OTHER PEOPLE'S DAUGHTERS: THE LIFE AND TIMES OF THE GOVERNESS (Published in the US as ) by RUTH BRANDON.
If a nineteenth-century lady had neither a husband nor money of her own, almost her only recourse was to live in some else's house and educate their children. Marooned within the confines of other people's lives, neither servants nor family members, governesses occupied an uncomfortable social limbo. It was a strange and unsatisfactory life.
Other People's Daughters uses private letters and journals and gives a vivid picture of what it was like to be a lone professional woman at a time when such a creature did not officially exist. The lives of those woman with their suppressed fury, romantic daydreams and intellectual frustrations provide an intimate new insight into the social attitudes of Victorian England.
..... Outer back cover.
FIRST SENTENCE (Chapter 1): The governess is an ancient institution.
MEMORABLE MOMENT (Page ): But a lady's defining characteristic was that she did not work for a living. So the mere fact of seeking paid employment instantly relegated the governess from middle-class respectability to an ambiguous limbo between upstairs and downstairs.
MY THOUGHTS: An insightful though somewhat dry and occasionally too political insight into the lives of the governess from its conception to downfall. Other People's Daughters chronicles several real life English governesses (and others who, though not actually governesses themselves, were involved in the fight for equality) through a selection of private letters, journals, and novels.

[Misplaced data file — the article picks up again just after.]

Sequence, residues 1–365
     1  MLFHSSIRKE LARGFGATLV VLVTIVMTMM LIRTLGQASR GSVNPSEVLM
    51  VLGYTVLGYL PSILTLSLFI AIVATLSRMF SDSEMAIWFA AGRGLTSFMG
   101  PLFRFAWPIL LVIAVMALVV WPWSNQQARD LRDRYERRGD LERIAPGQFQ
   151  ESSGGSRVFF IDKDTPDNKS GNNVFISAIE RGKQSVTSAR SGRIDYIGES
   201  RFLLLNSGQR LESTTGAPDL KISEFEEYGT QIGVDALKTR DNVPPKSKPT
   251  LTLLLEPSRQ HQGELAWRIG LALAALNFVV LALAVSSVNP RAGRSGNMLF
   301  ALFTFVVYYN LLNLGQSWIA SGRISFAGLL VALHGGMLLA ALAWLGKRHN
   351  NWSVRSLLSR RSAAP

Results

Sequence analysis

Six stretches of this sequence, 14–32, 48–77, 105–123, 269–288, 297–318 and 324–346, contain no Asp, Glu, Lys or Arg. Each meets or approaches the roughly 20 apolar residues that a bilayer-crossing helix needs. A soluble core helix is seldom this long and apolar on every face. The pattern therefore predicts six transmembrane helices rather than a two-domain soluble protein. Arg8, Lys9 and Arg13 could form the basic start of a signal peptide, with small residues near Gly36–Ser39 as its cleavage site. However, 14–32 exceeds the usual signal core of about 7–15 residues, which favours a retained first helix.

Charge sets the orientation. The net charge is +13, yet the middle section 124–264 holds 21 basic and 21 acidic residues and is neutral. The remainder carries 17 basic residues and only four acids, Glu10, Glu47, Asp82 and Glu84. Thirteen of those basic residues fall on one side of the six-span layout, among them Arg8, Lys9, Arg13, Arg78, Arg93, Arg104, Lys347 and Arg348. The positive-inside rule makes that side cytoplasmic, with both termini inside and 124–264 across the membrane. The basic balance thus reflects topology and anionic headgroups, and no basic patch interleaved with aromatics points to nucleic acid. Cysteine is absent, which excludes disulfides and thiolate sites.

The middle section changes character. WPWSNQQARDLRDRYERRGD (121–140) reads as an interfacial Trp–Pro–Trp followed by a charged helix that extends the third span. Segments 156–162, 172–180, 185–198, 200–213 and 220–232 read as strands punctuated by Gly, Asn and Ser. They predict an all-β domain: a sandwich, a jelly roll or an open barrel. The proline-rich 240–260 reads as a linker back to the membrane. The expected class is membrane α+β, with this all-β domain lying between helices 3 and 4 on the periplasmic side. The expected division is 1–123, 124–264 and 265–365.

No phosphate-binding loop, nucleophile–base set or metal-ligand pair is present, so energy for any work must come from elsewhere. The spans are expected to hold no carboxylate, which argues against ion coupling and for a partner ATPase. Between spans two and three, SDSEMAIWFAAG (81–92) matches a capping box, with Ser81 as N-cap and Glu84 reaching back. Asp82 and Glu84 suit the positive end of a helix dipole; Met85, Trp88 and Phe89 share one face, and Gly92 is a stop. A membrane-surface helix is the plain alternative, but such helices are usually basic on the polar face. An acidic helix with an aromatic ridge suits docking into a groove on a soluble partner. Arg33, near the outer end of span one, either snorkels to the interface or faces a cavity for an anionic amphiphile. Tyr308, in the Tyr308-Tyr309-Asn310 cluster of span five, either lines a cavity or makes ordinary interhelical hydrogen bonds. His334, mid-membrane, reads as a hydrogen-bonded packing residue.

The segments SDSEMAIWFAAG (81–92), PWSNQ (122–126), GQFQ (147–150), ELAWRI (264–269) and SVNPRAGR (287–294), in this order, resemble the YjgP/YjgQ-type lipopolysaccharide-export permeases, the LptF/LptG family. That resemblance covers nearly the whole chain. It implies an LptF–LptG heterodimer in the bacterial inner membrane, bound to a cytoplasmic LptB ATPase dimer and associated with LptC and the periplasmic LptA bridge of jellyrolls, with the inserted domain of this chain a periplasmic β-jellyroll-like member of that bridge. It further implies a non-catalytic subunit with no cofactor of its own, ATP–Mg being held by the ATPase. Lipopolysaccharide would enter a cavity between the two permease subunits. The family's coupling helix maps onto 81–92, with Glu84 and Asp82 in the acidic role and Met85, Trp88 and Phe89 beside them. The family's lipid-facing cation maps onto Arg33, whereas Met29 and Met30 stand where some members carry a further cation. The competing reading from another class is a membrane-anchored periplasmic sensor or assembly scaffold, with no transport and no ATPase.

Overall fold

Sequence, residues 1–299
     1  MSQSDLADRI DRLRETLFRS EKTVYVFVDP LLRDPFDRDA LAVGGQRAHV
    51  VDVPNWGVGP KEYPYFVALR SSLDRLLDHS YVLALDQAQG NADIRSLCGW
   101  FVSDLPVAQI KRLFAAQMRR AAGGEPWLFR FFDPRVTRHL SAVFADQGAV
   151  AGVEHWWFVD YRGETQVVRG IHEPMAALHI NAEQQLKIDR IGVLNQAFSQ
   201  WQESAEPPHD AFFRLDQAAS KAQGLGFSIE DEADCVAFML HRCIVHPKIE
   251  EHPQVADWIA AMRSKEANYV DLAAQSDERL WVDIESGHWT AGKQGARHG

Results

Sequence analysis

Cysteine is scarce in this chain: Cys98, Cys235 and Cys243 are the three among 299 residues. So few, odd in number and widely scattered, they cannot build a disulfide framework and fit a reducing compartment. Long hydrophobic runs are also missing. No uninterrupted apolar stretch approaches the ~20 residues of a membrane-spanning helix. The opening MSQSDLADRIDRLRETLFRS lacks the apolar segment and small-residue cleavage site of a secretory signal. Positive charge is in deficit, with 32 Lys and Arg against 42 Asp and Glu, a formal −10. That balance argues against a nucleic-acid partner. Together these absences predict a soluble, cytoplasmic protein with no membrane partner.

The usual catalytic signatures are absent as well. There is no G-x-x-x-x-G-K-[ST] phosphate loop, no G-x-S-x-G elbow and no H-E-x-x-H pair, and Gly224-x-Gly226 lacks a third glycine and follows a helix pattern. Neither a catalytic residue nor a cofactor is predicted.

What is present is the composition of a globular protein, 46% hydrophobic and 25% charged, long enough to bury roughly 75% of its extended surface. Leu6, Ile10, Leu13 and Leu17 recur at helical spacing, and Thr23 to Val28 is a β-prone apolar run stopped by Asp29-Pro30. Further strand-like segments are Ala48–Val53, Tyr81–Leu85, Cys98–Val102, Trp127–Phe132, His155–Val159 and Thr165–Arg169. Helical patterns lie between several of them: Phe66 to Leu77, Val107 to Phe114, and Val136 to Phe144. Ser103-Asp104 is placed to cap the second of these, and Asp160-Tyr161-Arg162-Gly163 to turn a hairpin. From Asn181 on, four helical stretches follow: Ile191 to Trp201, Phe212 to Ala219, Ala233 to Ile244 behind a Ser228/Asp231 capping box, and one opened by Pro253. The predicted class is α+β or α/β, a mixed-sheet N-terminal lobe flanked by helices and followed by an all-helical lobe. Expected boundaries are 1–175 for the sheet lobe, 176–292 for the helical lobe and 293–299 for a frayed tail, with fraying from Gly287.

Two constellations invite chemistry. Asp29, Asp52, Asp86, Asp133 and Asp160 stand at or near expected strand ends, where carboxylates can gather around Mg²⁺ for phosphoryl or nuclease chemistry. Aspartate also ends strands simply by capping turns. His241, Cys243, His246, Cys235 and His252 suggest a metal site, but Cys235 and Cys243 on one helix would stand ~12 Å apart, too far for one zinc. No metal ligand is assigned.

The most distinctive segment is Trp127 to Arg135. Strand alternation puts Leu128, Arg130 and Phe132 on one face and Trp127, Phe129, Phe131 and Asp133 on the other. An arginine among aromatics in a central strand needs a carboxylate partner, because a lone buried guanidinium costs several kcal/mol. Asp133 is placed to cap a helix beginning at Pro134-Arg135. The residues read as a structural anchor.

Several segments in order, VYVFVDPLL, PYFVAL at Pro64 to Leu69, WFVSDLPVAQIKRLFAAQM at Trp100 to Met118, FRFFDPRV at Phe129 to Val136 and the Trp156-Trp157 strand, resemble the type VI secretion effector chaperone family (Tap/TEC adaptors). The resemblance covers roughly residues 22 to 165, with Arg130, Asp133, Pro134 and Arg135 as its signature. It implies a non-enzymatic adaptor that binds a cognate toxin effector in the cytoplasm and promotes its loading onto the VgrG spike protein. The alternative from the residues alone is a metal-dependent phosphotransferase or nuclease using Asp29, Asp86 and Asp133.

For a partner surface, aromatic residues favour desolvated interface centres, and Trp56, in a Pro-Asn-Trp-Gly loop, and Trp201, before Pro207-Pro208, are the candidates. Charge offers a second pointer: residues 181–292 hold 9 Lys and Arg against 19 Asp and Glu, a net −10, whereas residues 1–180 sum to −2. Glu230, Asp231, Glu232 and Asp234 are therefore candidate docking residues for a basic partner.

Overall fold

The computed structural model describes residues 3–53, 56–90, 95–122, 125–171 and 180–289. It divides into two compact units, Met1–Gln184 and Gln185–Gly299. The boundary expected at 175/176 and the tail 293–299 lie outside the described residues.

Including the accounts of the almost unknown clergyman's daughter Agnes Porter to the more famous Mary Wollstonecraft (mother of Mary Godwin, the future author of Frankenstein) and her sisters (Eliza and Everina) and Margaret Landon (the 'Anna' of The King And I) Ruth Brandon also makes liberal use of the writings of Jane Austen and the Bronte sisters.
The range of personalities and geographical locations (from English country houses to Thailand's Royal palaces and even an African harem) amazing, its just a shame that reading this 2009 Phoenix Paperback edition with its minuscule print and overly lengthy chapters, each of which was almost a mini biography in itself, was such a toil.
A book probably best dipped into as and when as opposed to read as a whole, this is a wonderful resource for all those interested in the Victorian era and in particular those with an interest in women's history.
KEEP IT OR NOT?: Ex-library stock. Not a keeper I'm afraid.